The second question is, would these two distinct persons, with individual thoughts, individual values and individual capacities, feel pain and agony if they were ‘two in one’ and ‘one in two’? So another question would require many a long dialogue between theologians regarding the possibility of God being able to suffer pain and punishment. Even if so, only half of God would suffer while the other half was incapable of doing so by design or by the compulsion of His nature. As we proceed further in the shadowy world of this twisted philosophy, light begins to get dimmer and dimmer and we find confusion heaped upon confusion.

Another problem is that whom was Christ addressing if he was God himself? When he addressed his father, he himself was an inseparable part of the Father, so we are told. So what was he saying and to whom? This question must be answered with a free conscience, without resorting to dogma. It becomes a dogma only when it cannot be explained in human terms. According to the Biblical statement, when Jesus was about to give up the ghost, he cried addressing God the Father: ‘Why have you abandoned me?’ Who had abandoned whom? Had God abandoned God?

Who Was Sacrificed?

The other problem we have to take note of is that the man in Jesus was not punished, nor by any logic should he have been punished because he had never opted to carry the load of humanity’s sin. This new element, entering into the debate, leads us to a very peculiar situation which we have not considered before. One is compelled to wonder about the relationship of the man in Jesus with the inherited propensity to commit sin, common to all the progeny of Adam and Eve. At best one can bring oneself to believe that in the duality of the ‘Divine Son’ and the man occupying the same body, it was only the ‘Divine Son’ who was innocent. But what about the man living alongside him. Was he also born out of genes and character provided by God? If so, then he should behave like the divine in Jesus and no excuse would be acceptable if he goes remiss in this or that, with the plea that he only did so because he was a man. If there was nothing of God in him, that is, in the man in Jesus, then we must concede that he was simply an ordinary human being, perhaps half a human being. Yet that human person, amalgamated with Jesus, has to be human enough to inherit the disposition to sin. If not, why not?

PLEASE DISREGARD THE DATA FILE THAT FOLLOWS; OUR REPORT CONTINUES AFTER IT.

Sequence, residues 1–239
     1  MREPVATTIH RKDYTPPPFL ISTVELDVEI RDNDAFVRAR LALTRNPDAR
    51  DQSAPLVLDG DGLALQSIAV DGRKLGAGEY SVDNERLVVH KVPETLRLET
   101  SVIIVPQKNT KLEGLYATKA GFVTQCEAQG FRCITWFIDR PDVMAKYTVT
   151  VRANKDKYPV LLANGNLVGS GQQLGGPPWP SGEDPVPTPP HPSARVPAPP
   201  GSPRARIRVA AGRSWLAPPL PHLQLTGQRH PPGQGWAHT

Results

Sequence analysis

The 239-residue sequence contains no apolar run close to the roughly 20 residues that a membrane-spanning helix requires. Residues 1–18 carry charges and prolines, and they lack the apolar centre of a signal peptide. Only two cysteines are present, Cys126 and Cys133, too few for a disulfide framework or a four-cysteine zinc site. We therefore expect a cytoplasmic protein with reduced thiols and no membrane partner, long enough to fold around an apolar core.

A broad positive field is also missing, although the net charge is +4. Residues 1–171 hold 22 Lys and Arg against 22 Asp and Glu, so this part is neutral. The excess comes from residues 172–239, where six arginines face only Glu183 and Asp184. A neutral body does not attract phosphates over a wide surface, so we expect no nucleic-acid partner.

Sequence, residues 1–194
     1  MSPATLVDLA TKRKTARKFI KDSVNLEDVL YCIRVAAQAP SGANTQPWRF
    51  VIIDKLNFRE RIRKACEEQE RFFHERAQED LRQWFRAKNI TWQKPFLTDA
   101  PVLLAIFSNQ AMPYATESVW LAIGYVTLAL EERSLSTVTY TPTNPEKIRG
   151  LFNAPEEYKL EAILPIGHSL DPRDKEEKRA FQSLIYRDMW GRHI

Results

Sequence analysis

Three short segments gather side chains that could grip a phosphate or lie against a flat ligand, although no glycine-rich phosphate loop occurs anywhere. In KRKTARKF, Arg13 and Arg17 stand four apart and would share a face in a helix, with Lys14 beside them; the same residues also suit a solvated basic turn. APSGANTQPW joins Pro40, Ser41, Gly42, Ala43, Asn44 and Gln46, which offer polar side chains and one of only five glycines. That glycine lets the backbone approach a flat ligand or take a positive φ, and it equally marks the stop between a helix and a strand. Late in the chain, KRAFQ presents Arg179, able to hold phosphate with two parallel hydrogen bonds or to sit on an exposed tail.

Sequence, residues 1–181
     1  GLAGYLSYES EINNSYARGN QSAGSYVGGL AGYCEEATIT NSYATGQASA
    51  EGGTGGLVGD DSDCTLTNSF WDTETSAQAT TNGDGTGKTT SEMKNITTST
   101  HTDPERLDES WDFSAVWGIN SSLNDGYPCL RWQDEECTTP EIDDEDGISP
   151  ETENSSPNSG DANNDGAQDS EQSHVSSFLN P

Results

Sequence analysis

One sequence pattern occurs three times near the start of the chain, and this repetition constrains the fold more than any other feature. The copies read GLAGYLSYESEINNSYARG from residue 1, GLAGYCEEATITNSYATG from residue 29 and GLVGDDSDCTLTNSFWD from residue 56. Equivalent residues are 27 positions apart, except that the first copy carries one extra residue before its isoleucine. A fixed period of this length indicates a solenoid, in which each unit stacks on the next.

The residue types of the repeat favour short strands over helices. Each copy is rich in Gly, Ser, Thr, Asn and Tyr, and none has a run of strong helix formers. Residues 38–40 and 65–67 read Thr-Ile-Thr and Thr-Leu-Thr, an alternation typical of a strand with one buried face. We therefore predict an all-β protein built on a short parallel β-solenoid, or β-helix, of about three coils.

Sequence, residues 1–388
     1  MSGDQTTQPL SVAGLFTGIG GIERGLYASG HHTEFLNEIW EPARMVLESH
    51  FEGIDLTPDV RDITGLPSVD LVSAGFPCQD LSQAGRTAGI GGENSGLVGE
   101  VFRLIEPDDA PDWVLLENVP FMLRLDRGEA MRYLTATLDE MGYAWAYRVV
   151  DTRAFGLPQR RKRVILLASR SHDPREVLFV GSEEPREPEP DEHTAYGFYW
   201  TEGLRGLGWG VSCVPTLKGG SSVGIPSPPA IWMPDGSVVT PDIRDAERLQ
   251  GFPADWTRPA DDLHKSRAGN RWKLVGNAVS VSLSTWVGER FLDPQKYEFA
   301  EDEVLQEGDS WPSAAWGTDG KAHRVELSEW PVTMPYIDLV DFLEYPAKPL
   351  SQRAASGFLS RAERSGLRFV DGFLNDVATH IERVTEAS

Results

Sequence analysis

Obviously there is no gain in saying that being a man distinctly separate from his divine partner, he must have sinned independently with the entire responsibility of sin upon his human shoulders. This scenario will not be complete without presenting Jesus the ‘Son of God’, dying, not so unselfishly after all, for the sake of humanity but his prime concern might have been for his half brother, the man in him.

All this is extremely difficult, if not impossible, to digest intellectually. But from our point of view there is no problem. It was the innocent person Jesus the man, without there being any duality in him, who uttered this cry of astonishment and agony.

The Dilemma of Jesus

Let me once again make it clear that I do not disbelieve in Jesus but have profound respect for him as a messenger of God with exceptional sacrifices to his credit. I understand Jesus to be a holy man, going through a period of great trial. But as the narration of the act of Crucifixion begins to unfold and come to a close we are left with no choice but to believe that Jesus did not volunteer himself for death upon the cross. The night before the day his enemies attempted to murder him by crucifixion we hear him praying all night, along with his disciples, because the truth of his claim was at stake. It is said in the Old Testament that an imposter who attributes things to God which He had never said, would be hanged on a tree and die upon it an accursed death.

But a prophet who presumes to speak in my name anything I have not commanded him to say, or a prophet who speaks in the name of other gods, must be put to death. (Deuteronomy 18:20)